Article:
Mountain bike riding is a unique and beautiful sport. It combines the peacefulness of the forest with the thrill of the wind in your face. Whether it is done in the pursuit of fitness or for the sheer joy of the ride, cyclists all agree that time in the forest on a bike is hard to beat. In the case of downhill mountain biking, it can be an adrenaline pumping, heavy breathing thrill ride that is as exciting as skiing or snow boarding. But downhill mountain biking can also result in a crash or two. In fact, mountain bikers will often tell you that if they are not going over the handlebars at least once on a ride, they aren’t pushing the limits and testing themselves.
This mountain biker was enjoying a long stretch of single track through the beautiful Ganaraska Forest in Southern Ontario. The leaves have just started to turn and the temperatures are perfect for a ride through the trees. It’s a remote section of forest and the only sounds he hears are the birds, the scampering of the odd chipmunk, and the leaves on the low hanging branches as they brush against his helmet or bicycle. A GoPro mounted on his helmet provides us with a view of exactly what the rider sees as he barrels down the path, over logs, around sharp bends, and between tree trunks that barely allow his handlebars to pass. The trail twists and turns unpredictably and he is going as fast as he dares to, trying to avoid a collision with any of the trees around him.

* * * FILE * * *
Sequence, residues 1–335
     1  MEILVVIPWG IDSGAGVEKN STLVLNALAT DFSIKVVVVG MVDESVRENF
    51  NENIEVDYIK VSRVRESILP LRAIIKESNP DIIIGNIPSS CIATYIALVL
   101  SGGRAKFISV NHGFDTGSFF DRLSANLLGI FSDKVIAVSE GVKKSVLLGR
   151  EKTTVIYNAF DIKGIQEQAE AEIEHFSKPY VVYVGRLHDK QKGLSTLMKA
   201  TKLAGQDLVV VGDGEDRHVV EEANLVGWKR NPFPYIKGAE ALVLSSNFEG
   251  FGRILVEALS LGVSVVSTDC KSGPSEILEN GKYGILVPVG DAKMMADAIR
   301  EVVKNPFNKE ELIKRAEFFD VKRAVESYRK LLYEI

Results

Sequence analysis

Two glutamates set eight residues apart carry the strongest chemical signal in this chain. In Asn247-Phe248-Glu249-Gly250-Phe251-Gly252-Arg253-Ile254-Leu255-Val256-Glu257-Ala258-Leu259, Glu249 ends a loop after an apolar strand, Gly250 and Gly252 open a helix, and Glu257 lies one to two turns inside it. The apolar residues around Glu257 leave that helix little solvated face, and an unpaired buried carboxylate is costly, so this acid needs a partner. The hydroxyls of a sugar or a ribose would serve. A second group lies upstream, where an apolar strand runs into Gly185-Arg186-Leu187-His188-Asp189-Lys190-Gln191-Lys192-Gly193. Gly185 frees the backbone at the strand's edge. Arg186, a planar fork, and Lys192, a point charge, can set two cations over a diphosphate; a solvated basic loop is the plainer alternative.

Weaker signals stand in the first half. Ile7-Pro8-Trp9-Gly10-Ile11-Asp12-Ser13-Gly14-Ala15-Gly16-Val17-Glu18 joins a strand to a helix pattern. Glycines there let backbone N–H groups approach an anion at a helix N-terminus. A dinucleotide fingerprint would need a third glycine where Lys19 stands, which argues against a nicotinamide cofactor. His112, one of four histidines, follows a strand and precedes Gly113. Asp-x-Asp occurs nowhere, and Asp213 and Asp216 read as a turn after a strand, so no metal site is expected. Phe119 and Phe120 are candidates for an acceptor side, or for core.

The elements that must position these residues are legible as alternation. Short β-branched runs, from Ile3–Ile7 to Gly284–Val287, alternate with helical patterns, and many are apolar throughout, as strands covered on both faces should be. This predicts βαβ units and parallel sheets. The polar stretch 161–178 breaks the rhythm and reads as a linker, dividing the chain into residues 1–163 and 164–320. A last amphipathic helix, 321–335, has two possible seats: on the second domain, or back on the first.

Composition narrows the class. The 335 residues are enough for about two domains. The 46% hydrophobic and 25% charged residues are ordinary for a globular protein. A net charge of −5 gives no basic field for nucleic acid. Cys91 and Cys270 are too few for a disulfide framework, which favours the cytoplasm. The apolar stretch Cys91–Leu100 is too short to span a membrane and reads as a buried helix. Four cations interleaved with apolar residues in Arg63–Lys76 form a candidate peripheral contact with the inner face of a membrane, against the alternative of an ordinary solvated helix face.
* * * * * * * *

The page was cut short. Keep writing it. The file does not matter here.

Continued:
As the cyclist rounds a bend and ducks under a fallen tree that is angled across the path, he is about to encounter a very sudden stop. A sharp stick and a small sapling lie across the trail and he cannot miss either. The stick strikes his front tire and the sapling tangles in his rear tire one after the other. The back wheel is stopped cold and the bike begins a complete skid that pitches the rider forward. We hear a grunt as he strikes the handlebars, launches over and rolls to his left, trying to avoid landing with a thud. Fortunately the sandy and mossy ground beside the trail is forgiving and he only has the wind knocked out of him. Eager to continue the ride, he tries to get back on the bike but finds the front tire is shredded and his ride is finished. But luckily, the walk back is also a peaceful and enjoyable experience too, because time in the forest on foot is also time well spent.